Matthew Connelly is professor of history at Columbia University. His publications include A Diplomatic Revolution: Algeria’s Fight for Independence and the Origins of the Post-Cold War Era (2002), and Fatal Misconception: The Struggle to Control World Population (2008). He has written research articles in Comparative Studies in Society and History, The International Journal of Middle East Studies, The American Historical Review, The Revue francaise d’histoire d’Outre-mer, and Past & Present. He has also published commentary on international affairs in The Atlantic Monthly, The Wilson Quarterly, and The National Interest. He directs the University Seminar on Big Data and Digital Scholarship, the dual masters program with the LSE in International and World History, and the Hertog Global Strategy Initiative, a research program on the history and future of planetary threats. He received his B.A. from Columbia (1990) and his Ph.D. from Yale (1998).

Monday, April 29 at 7:00 pm in Parker-Reed Room, SSW

April 14, 2013

“The Gender Gap: Going, Going…….But Not Gone”

Posted in Bénédicte Mauguière tagged , at 4:22 am by Benedicte Mauguiere

Economics Bicentennial Lecture

Francine D. Blau is Frances Perkins Professor of Industrial and Labor Relations and professor of Economics at Cornell University. She is also a research associate of the National Bureau of Economic Research in Cambridge, Massachusetts, a research fellow of the Institute for the Study of Labor in Bonn, Germany, and of the Center for Economic Studies/Ifo Institute in Munich, Germany, and a research professor at the German Institute for Economic Research, Berlin, Germany.

She received her Ph.D. in economics from Harvard University and her B.S. from the School of Industrial and Labor Relations at Cornell University. Blau has served as president of the Society of Labor Economists and the Labor and Employment Relations Association (formerly the Industrial Relations Research Association), vice president of the American Economic Association (AEA), president of the Midwest Economics Association, and chair of the AEA Committee on the Status of Women in the Economics Profession. She is a fellow of the Society of Labor Economists, the American Academy of Political and Social Science, and the Labor and Employment Relations Association. In 2010, she received the IZA Prize for outstanding academic achievement in the field of labor economics; she was the first woman to receive this prestigious award. In 2001, she received the Carolyn Shaw Bell Award from the American Economic Association Committee on the Status of Women in the Economics Profession for furthering the status of women in the economics profession.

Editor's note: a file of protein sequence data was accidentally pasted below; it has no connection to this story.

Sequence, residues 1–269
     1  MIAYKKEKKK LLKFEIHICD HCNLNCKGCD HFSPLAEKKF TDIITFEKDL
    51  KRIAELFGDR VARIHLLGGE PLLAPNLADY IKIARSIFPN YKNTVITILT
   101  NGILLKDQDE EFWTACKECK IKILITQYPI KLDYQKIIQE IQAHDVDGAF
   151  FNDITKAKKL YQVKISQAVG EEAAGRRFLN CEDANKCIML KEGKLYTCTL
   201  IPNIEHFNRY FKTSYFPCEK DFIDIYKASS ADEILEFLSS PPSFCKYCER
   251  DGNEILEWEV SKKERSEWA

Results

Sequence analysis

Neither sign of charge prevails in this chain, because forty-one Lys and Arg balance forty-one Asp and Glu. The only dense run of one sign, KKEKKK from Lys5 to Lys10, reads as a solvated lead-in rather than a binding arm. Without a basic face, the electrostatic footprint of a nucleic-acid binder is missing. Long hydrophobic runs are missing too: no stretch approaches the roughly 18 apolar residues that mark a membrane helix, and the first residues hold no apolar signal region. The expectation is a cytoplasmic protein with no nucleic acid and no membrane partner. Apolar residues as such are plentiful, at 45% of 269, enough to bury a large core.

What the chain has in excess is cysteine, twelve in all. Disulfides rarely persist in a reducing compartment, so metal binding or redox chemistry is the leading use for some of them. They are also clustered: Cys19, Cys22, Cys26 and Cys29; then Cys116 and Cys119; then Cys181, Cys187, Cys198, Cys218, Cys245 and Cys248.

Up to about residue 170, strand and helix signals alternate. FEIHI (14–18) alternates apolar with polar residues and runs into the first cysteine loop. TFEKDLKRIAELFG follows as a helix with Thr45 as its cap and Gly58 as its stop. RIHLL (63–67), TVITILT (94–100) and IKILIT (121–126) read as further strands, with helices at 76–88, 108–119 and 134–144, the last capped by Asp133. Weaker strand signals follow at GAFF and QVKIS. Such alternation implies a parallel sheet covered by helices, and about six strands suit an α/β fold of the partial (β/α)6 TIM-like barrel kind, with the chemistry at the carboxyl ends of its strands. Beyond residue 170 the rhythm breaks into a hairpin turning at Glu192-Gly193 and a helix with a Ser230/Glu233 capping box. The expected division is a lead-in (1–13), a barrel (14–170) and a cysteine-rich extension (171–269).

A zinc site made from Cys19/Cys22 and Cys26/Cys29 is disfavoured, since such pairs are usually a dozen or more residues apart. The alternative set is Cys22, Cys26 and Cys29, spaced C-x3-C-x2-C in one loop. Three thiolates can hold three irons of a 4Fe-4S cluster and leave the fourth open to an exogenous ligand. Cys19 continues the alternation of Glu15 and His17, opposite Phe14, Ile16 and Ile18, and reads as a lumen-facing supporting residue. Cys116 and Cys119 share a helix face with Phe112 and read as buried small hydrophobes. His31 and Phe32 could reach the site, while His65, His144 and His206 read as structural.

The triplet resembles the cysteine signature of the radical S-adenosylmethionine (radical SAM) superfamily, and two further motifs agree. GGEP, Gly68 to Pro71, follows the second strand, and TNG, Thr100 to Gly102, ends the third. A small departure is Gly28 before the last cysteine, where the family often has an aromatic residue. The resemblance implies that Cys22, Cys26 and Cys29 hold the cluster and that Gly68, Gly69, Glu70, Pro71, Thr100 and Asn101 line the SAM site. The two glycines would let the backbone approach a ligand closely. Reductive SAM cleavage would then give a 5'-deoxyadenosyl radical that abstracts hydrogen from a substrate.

Monday, April 15, 4pm, Diamond 122

April 13, 2013

Film Screenings and Lecture

Posted in Bénédicte Mauguière tagged , , , at 8:05 pm by Benedicte Mauguiere

Valarie Kaur – Film Screenings and Lecture

Valarie  Kaur  is  an  award-winning  filmmaker,  advocate,  and  director  of  Groundswell  at  Auburn  Seminary,  a  multifaith  social  action  network  for  justice.  A  third-generation  Sikh American,  she  produced  the  acclaimed  documentary  film  Divided  We  Fall  (2008)  on  hate crimes after Sept 11th. She has presented her work in 200 U.S. cities and on media outlets such  as CNN, NPR, the New York Times, and the BBC. Valarie earned bachelors degrees at Stanford  University, a masters at Harvard Divinity School, and a law degree at Yale Law School, where  she teaches visual advocacy as founding director of the Yale Visual Law Project.

She will speak at Colby on Tuesday, April 16th, 7pm (Diamond 145) about her work as a filmmaker and activist, and will discuss her current project on the Oak Creek shootings from this summer.

We will also screen her 2008 documentary Divided  We  Fall  twice that week:
 Monday, April 15th, 7pm (Lovejoy 100) and Tuesday, April 16th, 4pm (Lovejoy 100)

All are welcome to attend all three events.

Her visit is sponsored by  the H.C. Libby Lecture Fund, Women Gender and Sexuality Studies, English Department, Religious Studies, Oak Institute, and Goldfarb Center.


New Works Festival 2013

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Don’t miss the 2013 New Works Festival-a celebration of new plays and dance work written, performed, directed and designed by Colby students and faculty.

The new plays were chosen through the New Play Competition, a campus-wide event conducted last fall. The New Works Festival is an Associated Event of the Colby Undergraduate Research Symposium.

New Works Festival 2013
April 19 and 20 at 7:30 p.m.